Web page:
In the last post, I introduced the idea of using a small, standard interface language to provide a couple of benefits.
- Make the problem into a machine translation problem which is well studied.
- Provide the benefit of explainable AI with a human readable intermediary step.
So let’s dig into this a LIL bit.
The last time I designed something like this I basically tried to think of a bunch of sentences that I wanted to be able to use and then reversed out a grammar and syntax from that. Let’s call that the ‘Probably how English developed’ approach. This is the way that I think almost all of human language has developed.
Of course, the obvious alternative to that would be the ‘Let’s design this all from scratch’ approach. There’s actually a few examples of real languages that have been designed from the ground up. Let’s call this the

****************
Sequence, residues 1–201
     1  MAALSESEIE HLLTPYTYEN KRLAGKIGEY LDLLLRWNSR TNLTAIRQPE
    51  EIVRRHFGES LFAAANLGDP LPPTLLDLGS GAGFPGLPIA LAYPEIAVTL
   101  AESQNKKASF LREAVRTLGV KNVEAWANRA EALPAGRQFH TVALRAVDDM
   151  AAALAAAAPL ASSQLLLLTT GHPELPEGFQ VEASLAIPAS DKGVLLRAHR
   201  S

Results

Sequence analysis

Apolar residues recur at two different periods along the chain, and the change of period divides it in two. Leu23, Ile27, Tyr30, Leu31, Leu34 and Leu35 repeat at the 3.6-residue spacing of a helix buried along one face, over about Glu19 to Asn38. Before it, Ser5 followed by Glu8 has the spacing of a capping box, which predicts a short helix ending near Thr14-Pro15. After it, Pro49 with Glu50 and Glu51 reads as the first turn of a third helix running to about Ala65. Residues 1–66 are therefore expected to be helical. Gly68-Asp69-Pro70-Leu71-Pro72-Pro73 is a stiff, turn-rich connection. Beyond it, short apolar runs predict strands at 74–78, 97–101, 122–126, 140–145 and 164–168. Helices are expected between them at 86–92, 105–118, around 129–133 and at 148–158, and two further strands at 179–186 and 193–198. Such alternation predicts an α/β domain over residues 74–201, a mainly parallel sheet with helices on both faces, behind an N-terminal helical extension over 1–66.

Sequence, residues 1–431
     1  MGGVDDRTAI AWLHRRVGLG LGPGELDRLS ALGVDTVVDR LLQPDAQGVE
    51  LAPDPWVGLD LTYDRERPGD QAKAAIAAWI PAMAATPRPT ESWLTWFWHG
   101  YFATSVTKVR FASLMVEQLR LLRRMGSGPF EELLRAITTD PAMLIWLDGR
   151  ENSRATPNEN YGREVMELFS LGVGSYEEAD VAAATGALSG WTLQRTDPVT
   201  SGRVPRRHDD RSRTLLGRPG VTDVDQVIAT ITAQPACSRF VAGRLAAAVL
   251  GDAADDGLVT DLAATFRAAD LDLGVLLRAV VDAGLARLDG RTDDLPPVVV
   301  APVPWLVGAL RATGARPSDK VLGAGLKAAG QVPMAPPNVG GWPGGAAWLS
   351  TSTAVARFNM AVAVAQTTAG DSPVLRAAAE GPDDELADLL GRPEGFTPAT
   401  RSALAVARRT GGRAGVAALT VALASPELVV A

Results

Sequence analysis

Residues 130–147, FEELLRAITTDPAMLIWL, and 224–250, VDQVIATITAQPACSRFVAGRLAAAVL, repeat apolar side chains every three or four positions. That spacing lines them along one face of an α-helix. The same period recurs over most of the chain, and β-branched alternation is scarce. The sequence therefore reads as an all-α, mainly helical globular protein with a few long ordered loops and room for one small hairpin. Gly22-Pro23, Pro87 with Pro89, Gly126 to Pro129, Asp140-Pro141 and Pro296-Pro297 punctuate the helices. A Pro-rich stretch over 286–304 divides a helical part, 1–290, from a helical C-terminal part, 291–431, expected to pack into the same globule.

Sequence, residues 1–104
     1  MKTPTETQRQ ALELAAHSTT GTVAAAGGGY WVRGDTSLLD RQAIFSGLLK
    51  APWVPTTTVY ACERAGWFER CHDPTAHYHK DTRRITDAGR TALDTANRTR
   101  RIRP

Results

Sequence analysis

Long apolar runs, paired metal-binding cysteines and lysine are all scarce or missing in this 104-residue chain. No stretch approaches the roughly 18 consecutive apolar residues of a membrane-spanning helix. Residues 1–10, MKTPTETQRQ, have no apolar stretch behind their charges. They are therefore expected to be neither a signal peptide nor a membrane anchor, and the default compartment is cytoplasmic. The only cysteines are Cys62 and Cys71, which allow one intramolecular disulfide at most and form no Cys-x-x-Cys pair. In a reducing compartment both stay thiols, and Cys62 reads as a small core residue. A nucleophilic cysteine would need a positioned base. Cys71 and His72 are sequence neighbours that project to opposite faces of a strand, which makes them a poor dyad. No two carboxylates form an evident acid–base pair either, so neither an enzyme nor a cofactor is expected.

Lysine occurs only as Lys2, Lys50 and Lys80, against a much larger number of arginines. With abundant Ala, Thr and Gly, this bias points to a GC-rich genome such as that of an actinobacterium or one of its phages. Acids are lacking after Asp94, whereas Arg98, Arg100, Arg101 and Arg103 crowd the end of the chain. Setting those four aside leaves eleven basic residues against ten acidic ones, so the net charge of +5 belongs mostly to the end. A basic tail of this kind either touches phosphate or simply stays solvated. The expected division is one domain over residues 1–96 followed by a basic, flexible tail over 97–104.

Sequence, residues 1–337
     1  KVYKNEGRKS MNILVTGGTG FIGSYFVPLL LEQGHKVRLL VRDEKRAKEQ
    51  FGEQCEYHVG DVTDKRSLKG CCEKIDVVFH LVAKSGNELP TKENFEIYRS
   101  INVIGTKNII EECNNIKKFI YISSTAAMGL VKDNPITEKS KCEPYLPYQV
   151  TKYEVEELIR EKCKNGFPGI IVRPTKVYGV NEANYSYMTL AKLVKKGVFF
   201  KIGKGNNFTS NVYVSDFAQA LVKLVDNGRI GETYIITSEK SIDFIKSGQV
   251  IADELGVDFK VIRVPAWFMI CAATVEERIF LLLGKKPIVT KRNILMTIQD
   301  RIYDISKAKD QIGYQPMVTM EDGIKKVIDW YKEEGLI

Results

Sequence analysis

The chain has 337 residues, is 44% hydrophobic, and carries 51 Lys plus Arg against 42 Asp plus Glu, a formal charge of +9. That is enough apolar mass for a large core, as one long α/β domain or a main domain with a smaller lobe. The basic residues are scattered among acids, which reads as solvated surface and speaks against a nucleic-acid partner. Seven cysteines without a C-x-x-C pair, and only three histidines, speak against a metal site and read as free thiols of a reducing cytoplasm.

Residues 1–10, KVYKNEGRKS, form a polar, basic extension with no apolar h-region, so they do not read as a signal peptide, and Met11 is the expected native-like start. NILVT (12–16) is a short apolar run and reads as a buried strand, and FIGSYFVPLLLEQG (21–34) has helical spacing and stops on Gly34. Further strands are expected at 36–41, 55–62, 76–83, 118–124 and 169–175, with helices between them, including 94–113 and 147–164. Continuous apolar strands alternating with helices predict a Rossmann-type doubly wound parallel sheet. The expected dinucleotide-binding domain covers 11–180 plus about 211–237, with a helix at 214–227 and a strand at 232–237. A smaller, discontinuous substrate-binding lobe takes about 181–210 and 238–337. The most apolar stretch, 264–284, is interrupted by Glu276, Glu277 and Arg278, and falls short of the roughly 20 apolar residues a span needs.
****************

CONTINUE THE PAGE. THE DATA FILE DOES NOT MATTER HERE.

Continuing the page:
Klingon Esperanto approach. To take the inspiration a step further, rather than trying to design a language from scratch using words that I barely remember from Grade 3 (probably the last time I learned Grammar in school) I’m going to ‘borrow’ the grammar and syntax from Esperanto as much as I can. Though since I don’t speak Esperanto immagunna just use an English vocabulary.
Since I want this language to be easy to parse, I’m going to tighten up what is acceptable and valid though. For instance, this is from the Wikipedia section on Esperanto grammar.
Word order is comparatively free. Adjectives may precede or follow nouns; subjects, verbs and objects may occur in any order. However, the article la “the”, demonstratives such as tiu “that” and prepositions (such as ĉe “at”) must come before their related nouns. Similarly, the negative ne “not” and conjunctions such as kaj “and” and ke “that” must precede the phrase or clause that they introduce.
So I’m just going to say things like “Adjectives may only precede nouns” and be done with it.
BTW, who the heck has even heard of a “demonstrative” anyway.